Some School Districts Plan To End the Year Early, Call Remote Learning Too Tough


An anonymous reader quotes a report from The Wall Street Journal:

Some districts are giving up on remote learning and ending the academic year early, after concluding that it was too cumbersome for teachers, students and parents. Washington, D.C., as well as parts of Georgia, Texas and elsewhere plan to end a week to several weeks early. Schools have struggled to launch remote learning for more than 50 million children across the country during the coronavirus pandemic in the largest experiment in remote learning ever. Among the issues they’ve encountered, not all students have internet access or have parents available to help, causing concerns about inequity. As a result, many districts haven’t required schoolwork be completed or graded. Student participation, when schools are even able to measure it, has often been below regular attendance level. When schools do eventually reopen, they’ll look vastly different than they did before. There may be more scheduled days home, more online learning, and lots of hand-washing.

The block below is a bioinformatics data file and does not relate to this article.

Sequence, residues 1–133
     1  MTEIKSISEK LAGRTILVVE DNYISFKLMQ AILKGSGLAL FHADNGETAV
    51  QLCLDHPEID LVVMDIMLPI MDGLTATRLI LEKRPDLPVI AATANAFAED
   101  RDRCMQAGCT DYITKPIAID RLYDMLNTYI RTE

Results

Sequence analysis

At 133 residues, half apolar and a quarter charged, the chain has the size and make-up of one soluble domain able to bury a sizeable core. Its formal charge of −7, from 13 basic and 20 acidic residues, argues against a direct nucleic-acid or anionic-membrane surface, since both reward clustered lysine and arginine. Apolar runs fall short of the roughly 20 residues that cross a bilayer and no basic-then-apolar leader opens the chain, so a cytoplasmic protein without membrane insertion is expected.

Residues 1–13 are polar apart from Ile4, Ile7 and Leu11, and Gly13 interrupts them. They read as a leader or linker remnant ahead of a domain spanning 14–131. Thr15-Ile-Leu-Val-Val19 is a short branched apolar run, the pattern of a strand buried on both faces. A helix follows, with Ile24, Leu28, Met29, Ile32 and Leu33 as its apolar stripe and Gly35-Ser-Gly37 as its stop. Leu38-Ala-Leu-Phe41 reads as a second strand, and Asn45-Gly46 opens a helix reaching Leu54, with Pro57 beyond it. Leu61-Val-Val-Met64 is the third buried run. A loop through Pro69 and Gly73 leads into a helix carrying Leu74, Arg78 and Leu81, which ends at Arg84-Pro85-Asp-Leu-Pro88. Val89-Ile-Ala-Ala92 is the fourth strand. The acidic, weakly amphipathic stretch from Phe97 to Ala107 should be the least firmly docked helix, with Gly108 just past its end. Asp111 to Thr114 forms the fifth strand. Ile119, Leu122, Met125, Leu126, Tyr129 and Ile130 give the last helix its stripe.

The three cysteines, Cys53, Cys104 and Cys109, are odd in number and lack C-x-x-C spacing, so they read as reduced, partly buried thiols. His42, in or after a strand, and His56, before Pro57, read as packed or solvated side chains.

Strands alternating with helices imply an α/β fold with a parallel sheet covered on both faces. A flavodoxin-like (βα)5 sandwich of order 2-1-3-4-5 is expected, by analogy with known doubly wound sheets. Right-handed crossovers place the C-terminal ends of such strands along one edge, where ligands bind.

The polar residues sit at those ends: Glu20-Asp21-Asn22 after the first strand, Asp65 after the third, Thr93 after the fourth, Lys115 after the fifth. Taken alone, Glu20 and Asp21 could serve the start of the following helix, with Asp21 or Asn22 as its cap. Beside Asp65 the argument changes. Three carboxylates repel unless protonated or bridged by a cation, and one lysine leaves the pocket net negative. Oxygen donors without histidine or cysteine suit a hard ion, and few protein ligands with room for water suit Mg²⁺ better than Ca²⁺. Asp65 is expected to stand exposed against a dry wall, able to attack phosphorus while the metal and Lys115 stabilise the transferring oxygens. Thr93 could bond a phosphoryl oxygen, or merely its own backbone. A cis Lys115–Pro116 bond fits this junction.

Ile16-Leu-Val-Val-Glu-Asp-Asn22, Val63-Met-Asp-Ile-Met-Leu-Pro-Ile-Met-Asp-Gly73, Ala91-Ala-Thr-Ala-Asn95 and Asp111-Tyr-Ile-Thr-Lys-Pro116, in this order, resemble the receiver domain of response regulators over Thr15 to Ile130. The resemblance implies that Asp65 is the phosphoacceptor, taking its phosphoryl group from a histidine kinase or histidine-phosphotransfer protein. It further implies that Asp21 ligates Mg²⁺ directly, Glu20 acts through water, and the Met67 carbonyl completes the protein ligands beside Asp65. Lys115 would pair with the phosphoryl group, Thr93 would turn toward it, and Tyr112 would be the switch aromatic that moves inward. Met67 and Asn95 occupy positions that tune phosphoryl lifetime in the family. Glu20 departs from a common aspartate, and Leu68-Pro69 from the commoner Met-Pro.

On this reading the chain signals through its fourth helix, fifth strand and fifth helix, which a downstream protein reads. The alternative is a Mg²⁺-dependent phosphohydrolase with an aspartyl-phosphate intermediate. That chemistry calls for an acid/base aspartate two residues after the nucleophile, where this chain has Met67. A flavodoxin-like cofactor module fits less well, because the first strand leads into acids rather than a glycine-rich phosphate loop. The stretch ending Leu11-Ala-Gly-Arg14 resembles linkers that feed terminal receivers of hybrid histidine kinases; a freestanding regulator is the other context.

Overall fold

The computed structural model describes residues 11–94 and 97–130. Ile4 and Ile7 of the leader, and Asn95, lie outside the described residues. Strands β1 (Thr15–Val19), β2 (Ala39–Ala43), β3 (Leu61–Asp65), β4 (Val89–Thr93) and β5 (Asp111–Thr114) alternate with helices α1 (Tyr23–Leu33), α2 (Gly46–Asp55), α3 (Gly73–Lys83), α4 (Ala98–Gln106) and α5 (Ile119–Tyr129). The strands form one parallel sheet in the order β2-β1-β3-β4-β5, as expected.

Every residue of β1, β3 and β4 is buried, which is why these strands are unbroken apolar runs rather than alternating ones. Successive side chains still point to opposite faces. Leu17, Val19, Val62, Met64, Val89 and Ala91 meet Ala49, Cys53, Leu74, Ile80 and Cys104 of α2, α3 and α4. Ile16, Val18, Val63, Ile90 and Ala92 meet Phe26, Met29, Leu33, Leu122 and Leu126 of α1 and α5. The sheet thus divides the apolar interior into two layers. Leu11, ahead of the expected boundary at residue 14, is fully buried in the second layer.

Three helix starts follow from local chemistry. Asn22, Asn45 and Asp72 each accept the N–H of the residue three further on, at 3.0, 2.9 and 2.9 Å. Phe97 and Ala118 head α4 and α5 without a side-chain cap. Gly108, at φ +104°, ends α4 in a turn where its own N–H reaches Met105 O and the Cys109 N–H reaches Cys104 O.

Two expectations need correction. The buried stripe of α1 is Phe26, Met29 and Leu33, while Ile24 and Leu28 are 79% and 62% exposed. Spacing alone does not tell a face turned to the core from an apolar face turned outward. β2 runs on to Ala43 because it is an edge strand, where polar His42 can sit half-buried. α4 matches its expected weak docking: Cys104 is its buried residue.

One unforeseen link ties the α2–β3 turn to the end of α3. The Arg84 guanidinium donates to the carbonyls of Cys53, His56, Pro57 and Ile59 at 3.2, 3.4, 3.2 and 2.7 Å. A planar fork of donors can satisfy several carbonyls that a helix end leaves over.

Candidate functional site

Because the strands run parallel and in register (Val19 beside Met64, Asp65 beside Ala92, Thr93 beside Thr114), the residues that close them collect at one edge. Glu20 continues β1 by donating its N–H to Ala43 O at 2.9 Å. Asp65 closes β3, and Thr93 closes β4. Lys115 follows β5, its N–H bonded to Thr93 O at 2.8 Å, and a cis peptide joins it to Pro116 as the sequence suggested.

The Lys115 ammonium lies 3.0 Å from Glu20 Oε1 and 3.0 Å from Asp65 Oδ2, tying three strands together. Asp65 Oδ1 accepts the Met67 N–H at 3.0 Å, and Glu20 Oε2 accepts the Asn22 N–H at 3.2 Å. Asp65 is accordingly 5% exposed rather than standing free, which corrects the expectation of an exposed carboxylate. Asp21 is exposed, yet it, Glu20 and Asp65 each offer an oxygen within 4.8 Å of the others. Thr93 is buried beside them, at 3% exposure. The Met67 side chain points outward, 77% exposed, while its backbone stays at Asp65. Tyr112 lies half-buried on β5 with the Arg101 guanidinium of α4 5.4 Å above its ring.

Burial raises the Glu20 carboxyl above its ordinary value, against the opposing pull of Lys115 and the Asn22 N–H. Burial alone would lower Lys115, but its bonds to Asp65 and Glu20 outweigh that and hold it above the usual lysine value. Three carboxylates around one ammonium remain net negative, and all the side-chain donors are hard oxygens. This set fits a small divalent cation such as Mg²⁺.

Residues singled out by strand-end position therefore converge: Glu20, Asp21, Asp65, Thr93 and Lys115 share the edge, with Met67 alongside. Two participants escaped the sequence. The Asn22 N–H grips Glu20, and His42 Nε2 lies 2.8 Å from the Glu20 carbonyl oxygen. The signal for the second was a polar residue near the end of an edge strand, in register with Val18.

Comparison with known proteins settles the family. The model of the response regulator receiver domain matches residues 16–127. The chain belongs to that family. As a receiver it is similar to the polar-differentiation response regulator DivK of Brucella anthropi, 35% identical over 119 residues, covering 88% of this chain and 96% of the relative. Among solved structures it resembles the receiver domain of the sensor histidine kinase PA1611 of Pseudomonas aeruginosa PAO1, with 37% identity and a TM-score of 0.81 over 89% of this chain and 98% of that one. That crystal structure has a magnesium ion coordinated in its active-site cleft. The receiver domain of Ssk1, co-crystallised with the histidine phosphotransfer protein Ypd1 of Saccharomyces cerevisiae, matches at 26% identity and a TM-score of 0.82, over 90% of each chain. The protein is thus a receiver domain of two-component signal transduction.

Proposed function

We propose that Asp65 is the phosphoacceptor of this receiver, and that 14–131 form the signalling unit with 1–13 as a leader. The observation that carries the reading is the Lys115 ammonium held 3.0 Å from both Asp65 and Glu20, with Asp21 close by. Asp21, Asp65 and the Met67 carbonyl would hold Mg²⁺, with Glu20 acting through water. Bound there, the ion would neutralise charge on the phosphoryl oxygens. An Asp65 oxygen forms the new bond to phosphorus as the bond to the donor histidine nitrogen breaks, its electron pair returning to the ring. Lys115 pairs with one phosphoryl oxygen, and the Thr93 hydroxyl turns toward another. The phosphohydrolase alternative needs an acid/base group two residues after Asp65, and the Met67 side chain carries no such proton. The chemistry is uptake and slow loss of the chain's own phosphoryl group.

In parts of China, where life is slowly returning to normalcy, an elementary school in Yangzheng had students design hats that measure 1 meter (3.2 feet) across as a lesson in coronavirus safety practices. “We’re advocating students to wear a one-meter hat and maintain one meter’s distance,” the Zhejiang Daily newspaper quoted Hong Feng, the school’s principal, as saying as the kids returned to school this week for the first time in several months.

“Along with teaching the students about social distancing, the headgear is giving the kids a history lesson: The hats resemble those worn during the Song Dynasty, which ruled China between 960 and 1279,” adds CNET. “The long horizontal plumes on Song Dynasty toppers were supposedly to prevent officials from conspiring sotto voce with one another while at court – so social distancing was in fact their original function,” Eileen Chengyin Chow, a Duke University professor of Asian and Middle Eastern studies, explained on Twitter.

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